Adobe made a public preview release of AIR (then called Apollo) along with a software development kit (SDK) and extension for developing Apollo applications with the Flex framework, on March 19, 2007.
On June 10, 2007, Apollo was renamed to AIR and a public beta release of the runtime was launched. Public beta 2 of AIR SDK was released on October 1, 2007. Public beta 3, was released on December 12, 2007.
Adobe AIR 1.0
Version 1.0 of the Adobe AIR runtime and SDK was released on February 25, 2008.
Adobe AIR 1.1
Version 1.1 of Adobe AIR was released on June 16, 2008. This release included a number of new features including:
- Additional languages including Chinese Traditional, Chinese Simplified, French, German, Italian, Japanese, Korean, Brazilian Portuguese, Russian, and Spanish
- Ability to localize the name, description local database error messages of the application
- A new option that allows an application to be updated from an old certificate to a new one while preserving the identity of the application (for example from a self-signed certificate to a chained certificate)
- A new property for detecting the space available on a drive
- A new property for detecting whether the hosting operating system's window manager allows transparency
In addition, version 1.1 works on Microsoft Windows XP Tablet PC Edition and 64-bit editions of Windows Vista Home Premium, Business, Ultimate, and Enterprise.
Adobe AIR 1.5
Adobe AIR 1.5 was released on November 17, 2008. New capabilities included:
- Ability to encrypt the local database
- Inclusion of Flash Player 10 features
- Five new languages including Czech, Dutch, Swedish, Turkish and Polish
- A Linux version was released on December 18, 2008.
Adobe AIR 1.5.1
Released on February 24, 2009, AIR 1.5.1 was primarily a compatibility update that includes bug fixes and security updates.
Adobe AIR 1.5.2
Released on July 30, 2009, AIR 1.5.2 introduced a number of minor new features and compatibility issues. Some of the important fixes included:
- When using the full-screen interactive mode an application using the 1.5.2 namespace can capture the keyDown event and call the preventDefault() method of the event
- SWF content embedded within an HTML container could now be displayed with certain wmode settings.
Adobe AIR 1.5.3
Adobe AIR 1.5.3 was released on December 8, 2009. It included fixes for a number of compatibility and security related issues. The BBC iPlayer Desktop manager v1.5.15695.18135 is the first version to use AIR 1.5.3.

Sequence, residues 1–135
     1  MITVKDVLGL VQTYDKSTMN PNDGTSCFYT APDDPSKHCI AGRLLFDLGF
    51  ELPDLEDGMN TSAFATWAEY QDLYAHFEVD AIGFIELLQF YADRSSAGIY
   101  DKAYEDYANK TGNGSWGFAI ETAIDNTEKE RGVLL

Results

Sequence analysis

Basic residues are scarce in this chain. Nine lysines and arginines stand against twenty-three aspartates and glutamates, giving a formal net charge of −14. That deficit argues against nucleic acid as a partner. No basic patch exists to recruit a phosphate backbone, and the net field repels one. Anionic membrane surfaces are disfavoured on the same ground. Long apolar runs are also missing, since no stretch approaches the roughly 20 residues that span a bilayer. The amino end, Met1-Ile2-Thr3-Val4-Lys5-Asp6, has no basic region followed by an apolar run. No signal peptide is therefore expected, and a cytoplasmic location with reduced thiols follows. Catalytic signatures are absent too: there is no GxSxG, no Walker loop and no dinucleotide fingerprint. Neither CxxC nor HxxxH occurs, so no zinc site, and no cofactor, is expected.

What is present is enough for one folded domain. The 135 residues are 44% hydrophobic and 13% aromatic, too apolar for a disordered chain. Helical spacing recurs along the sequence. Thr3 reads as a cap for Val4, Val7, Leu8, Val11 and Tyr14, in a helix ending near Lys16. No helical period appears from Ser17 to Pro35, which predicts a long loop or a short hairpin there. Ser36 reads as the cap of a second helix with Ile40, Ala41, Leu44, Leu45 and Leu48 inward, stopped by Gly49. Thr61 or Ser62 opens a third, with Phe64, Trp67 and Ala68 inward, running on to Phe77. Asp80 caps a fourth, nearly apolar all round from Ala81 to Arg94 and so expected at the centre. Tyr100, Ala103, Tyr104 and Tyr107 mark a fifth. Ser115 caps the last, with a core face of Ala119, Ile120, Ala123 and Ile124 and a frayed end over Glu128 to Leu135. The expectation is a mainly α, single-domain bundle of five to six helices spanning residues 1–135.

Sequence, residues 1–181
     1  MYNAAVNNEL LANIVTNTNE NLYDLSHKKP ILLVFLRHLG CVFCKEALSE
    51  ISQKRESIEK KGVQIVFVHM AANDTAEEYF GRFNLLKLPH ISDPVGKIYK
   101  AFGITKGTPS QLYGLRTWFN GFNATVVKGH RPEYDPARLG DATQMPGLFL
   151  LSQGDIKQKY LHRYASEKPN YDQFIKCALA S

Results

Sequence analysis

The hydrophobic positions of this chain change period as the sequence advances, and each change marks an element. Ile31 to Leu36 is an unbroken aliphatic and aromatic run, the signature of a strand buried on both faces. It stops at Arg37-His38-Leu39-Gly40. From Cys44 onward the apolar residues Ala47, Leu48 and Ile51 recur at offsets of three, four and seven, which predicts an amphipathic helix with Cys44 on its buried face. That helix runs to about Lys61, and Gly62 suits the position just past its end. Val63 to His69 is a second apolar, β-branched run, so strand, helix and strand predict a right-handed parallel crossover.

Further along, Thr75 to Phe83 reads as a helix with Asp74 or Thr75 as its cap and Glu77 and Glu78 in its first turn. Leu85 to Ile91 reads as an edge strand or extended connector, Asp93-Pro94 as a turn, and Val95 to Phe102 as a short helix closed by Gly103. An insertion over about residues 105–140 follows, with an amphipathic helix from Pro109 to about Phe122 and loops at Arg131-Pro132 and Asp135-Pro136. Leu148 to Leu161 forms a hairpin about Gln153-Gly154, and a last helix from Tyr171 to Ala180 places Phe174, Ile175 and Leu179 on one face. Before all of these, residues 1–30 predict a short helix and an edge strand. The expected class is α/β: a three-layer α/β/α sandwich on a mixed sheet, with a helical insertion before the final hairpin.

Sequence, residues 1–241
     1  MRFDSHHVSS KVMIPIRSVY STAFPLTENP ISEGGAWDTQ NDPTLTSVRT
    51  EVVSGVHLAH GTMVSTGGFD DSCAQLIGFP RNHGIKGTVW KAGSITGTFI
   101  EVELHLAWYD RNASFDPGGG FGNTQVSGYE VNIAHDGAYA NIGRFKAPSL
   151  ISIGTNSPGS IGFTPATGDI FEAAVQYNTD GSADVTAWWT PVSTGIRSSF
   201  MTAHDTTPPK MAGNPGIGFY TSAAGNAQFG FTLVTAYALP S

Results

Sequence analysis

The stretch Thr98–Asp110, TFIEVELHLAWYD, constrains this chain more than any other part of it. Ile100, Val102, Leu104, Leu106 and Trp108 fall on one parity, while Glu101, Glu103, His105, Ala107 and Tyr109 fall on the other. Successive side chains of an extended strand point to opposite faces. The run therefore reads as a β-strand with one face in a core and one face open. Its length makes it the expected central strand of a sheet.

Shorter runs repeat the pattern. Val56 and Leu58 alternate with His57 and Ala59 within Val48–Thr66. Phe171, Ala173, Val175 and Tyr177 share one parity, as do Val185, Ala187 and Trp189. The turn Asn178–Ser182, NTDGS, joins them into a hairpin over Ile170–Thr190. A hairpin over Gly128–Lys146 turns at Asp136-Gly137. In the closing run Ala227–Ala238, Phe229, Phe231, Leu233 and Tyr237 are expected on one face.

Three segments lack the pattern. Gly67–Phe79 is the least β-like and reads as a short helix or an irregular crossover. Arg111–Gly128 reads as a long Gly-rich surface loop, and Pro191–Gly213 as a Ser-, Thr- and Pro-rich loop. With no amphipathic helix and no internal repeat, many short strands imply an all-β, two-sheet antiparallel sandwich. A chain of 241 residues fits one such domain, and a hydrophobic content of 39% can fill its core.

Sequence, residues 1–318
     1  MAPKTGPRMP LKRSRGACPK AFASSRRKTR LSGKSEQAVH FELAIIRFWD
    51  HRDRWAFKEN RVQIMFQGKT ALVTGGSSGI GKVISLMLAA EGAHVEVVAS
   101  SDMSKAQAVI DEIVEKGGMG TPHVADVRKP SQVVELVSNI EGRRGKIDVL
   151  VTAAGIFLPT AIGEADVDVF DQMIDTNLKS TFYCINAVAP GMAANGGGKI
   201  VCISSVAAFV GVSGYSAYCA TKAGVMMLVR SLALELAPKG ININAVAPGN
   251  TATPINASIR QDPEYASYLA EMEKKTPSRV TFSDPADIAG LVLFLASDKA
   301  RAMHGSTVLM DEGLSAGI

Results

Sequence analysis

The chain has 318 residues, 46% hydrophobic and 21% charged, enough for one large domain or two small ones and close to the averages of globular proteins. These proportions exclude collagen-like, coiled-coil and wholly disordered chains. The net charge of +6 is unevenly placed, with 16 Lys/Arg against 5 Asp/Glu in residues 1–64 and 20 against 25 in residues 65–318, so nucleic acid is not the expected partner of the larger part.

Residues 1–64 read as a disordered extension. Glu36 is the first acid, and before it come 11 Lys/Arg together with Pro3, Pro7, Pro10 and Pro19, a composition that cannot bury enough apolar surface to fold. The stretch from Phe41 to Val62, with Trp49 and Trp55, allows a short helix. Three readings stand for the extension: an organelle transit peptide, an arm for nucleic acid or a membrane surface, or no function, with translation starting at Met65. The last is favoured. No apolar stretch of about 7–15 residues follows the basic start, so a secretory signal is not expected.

The Adobe AIR 2 public beta was released on November 16, 2009 followed by the beta 2 on February 2, 2010 and the release candidate on May 11, 2010. In addition, Adobe AIR for Android was announced on February 12, 2010. AIR 2 was officially released for Windows, Mac OS and Linux on June 10, 2010 and Android on October 8, 2010. It dropped the ability to run on PowerPC Macs.
Adobe AIR 2.5 was released on October 24, 2010 at the Adobe MAX 2010 conference.
Adobe released Adobe AIR 3.0 on October 3, 2011. AIR 3.0 added the ability to run on native 64-bit CPU architecture and use hardware accelerated graphics rendering, captive runtime, native extensions, JPEG-XR image format, LZMA compression for SWF files, and H.264 encoding.
Adobe released Adobe AIR 3.1 on November 11, 2011.
Adobe released Adobe AIR 3.2 on March 28, 2012.
Adobe released Adobe AIR 3.3 on June 8, 2012.
Adobe released Adobe AIR 3.4 on August 21, 2012.
Adobe released Adobe AIR 3.5 on November 6, 2012.
Adobe released Adobe AIR 3.6 on February 12, 2013.
Adobe released Adobe AIR 3.7 on April 9, 2013.
Adobe released Adobe AIR 3.8 on July 24, 2013.
Adobe released Adobe AIR 3.9 on October 8, 2013.
Adobe released Adobe AIR 4.0 on January 14, 2014. It was released to beta on October 30, 2013, code named Jones.
Adobe AIR can be installed using a
.air installer file, or directly from a web browser using the Adobe AIR Installation badge. Starting in Google Chrome 21 the badge does not install the AIR application.
The mobile version of Adobe AIR's Context3D drawToBitmapData method is known to not work like its Desktop counterpart. Any call to drawToBitmapData to return stage3D data which is outside of the stage size will return black pixels (missing bitmap data). Despite an overwhelming need by the Actionscript Community for this bug to be fixed, Adobe has to this point shown no interest.
- "End of Support Notice". BlackBerry Ltd. 15 April 2014. Retrieved 18 April 2014.
- "System requirements". Adobe AIR website. Adobe Inc. Retrieved 2011-09-07. "Adobe is increasingly investing in mobile devices. As such, we are changing our distribution model for Linux® and will no longer invest in the development of a desktop Linux operating system version of Adobe® AIR® or the AIR SDK. The last version to support desktop Linux is AIR 2.6."
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- "Jones Beta Release Notes". Retrieved 10 January 2014.
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- Issue 141645: Chrome 21 broke Adobe AIR Badge installer, Chromium at Google Code
- Issue 140854: Adobe AIR not supported in Pepper Flash, Chromium at Google Code
- , Adobe Bug Report